Evil Twin Wi-Fi Hotspots—Danger Lurks

What Are Evil Twin Hotspots

Evil Twin hotspots are rogue Wi-Fi hotspots that are created and used for deception and harvesting users’ private information. One the of the main security dangers when using open/public Wi-Fi is the Evil Twin. Think of it this way, in addition to the Wi-Fi access point that you regularly use each time you connect to Wi-Fi at Starbucks¹; there may be an “access point imitator,” a.k.a. Evil Twin that cannot be distinguished from the “real” access point. You most likely would not know if you connected to the actual access point or the fake imitator.

How Evil Twin Hotspots Trick Users

The last time you used an open/public Wi-Fi hotspot, did you pay any particular attention when connecting to the hotspot? I expect that the majority of us did not, it is like flipping on the light switch at home. It just works and rarely does one consider what is taking place. Therein is the first danger of the Evil Twin. Most users are too naive about Wi-FI security, assuming that since Starbucks offers the service, it must be safe. That is simply not true! That misinformed idea is why the Evil Twin concept works so well.

I am writing this post at a Starbucks, and when I first connected to the hotspot, I had many choices from all the overlapping local Wi-Fi networks. Having connected to Starbucks before, I knew I was looking for a Google hotspot like this:

starbucks

I have connected to Starbucks hotspots hundreds of times and never have had a problem. But I also wondered about the presence of an Evil Twin and carefully considered what I was doing. From experience, I know that Starbucks’ hotspots follow the naming convention of “Google Starbucks²,” if I happened to see two hotspots with that name, that would throw up a big red flag and I would not connect to either and would contact Starbucks or Google support. I would also stay away from any open/public hotspot that is named using any other combination of Starbucks, Google, coffee shop, etc.. Also, I never connect to any open/public hotspot that is available that I do not recognize or know something about, doing such is just asking to be hacked!

The Evil Twin trick is it looks like a legitimate and expected hotspot name.

So what can be done to minimize risk when using open/public hotspots?

The first thing to consider is always using an encrypted connection. This type of connection is becoming more and more common, and I expect soon it will be the default browser connection. For instance, when you log onto Gmail, by default you are using a secure encrypted “https” connection.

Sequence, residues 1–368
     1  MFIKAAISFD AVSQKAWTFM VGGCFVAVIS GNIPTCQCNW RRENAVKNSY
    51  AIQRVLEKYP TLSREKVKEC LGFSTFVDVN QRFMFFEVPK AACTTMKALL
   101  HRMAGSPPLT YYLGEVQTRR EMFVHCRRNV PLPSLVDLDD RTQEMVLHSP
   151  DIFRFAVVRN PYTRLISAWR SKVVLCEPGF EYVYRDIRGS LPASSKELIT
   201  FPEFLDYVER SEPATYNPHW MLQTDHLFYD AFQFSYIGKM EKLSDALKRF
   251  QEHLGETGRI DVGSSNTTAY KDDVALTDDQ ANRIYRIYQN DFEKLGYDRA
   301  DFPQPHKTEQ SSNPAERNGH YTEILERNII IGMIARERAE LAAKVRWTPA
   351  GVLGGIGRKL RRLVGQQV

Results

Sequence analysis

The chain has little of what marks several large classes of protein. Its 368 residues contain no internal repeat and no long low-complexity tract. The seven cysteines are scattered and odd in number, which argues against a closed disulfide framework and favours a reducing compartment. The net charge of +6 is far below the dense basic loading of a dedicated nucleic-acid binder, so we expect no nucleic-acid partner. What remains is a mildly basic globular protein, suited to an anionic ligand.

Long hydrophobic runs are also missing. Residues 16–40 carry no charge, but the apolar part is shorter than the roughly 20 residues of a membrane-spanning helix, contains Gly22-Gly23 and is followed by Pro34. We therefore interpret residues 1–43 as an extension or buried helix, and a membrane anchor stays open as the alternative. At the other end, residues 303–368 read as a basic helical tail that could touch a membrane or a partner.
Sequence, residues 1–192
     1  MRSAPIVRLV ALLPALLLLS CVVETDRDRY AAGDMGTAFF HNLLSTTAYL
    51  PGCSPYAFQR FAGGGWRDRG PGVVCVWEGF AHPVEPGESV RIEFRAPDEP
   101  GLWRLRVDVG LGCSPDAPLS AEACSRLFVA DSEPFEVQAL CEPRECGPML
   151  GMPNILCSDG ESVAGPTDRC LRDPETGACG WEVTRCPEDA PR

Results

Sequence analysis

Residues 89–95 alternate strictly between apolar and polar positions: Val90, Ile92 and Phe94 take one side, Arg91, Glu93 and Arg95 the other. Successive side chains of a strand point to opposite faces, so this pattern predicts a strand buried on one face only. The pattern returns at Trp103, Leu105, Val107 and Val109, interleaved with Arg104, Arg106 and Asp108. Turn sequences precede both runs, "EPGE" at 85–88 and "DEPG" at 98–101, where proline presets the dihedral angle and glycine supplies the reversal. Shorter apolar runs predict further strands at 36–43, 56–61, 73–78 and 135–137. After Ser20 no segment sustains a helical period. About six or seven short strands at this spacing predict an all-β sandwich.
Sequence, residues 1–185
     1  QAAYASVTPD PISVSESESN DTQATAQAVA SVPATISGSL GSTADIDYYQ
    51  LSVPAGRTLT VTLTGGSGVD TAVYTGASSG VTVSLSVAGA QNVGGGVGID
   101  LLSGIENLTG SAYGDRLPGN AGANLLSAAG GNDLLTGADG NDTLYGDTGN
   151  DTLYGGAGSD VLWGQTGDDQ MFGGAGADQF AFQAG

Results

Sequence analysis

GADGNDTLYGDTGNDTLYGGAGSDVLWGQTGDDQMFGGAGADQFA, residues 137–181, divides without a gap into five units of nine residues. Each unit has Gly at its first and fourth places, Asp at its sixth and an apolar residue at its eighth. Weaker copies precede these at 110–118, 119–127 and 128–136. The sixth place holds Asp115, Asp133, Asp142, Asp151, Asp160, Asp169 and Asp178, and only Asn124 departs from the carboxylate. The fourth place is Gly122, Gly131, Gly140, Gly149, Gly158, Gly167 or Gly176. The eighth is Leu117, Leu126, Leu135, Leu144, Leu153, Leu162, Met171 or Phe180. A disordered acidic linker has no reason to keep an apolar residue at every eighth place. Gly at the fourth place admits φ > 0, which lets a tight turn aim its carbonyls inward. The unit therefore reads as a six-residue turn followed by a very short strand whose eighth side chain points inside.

https

However, it is a good idea to verify that the connection is secure by clicking on the “lock” icon in the URL area³ to review details about the SSL certificate.

https2

Another way to securely encrypt all traffic is by using a VPN (Virtual Private Network). In a nutshell, a VPN connection securely sends all the traffic through an encrypted tunnel. But, and this is a big “but,” even VPNs are not 100% secure. Once your requests hit the VPN server as encrypted requests, they leave the VPN server in an unencrypted mode. But as the request is answered and comes back to you the originator, it is encrypted once again at the VPN server and delivered to you. This means in the Starbucks example, all traffic leaving and returning is encrypted. That is the nature of VPNs, so always use a reputable VPN service. There is some trust that must occur.

Secondly, a wise step is to never auto-connect to open/public hotspots, even if recently used.

starbucks-connect

Although a convenience to auto-connect, it is not prudent to do such. That allows you to review the access points available and manually select the best choice. I add another step here, I never connect to an access point, even a trusted one, with my browser open and waiting where last left off, i.e., for example with my email page open, just in case somehow I get connected to an Evil Twin. I always connect, then start a browser that I do not use as my default (Mozilla in my case) and allow the hotspot terms and agreement page to come up and I accept it there. I then connect my VPN and open my default browser, Chrome, and begin working. It may seem like a lot of trouble, but it soon becomes routine, and this practice has kept me safe thus far.

I also use a Chrome extension called HTTPS Everywhere.  The explanation below comes directly from their website:

“HTTPS Everywhere is a Firefox, Chrome, and Opera extension that encrypts your communications with many major websites, making your browsing more secure. Encrypt the web: Install HTTPS Everywhere today.

HTTPS Everywhere is produced as a collaboration between The Tor Project and the Electronic Frontier Foundation. Many sites on the web offer some limited support for encryption over HTTPS, but make it difficult to use. For instance, they may default to unencrypted HTTP, or fill encrypted pages with links that go back to the unencrypted site. The HTTPS Everywhere extension fixes these problems by using clever technology to rewrite requests to these sites to HTTPS. Information about how to access the project’s Git repository and get involved in development is here.”

Other things that can tip one off  a user that something is awry, i.e., connecting to an Evil Twin, are unusual pop-ups occurring about unencrypted connections, requests to download something that you did not initiate or an unusual slowness to your computer and/or your connection.

And lastly, if I have any concerns with the security of the available hotspots, I just turn to the hotspot on my Android phone.


¹ Evil Twin access points are not limited to Starbucks; they can exist on any public or free Wi-Fi hotspot.

² The standard naming convention for Starbucks hotspots could be different in your area and may be subject to change. Keep that in mind and ask if you are not sure.

³ This example is from the Chrome browser.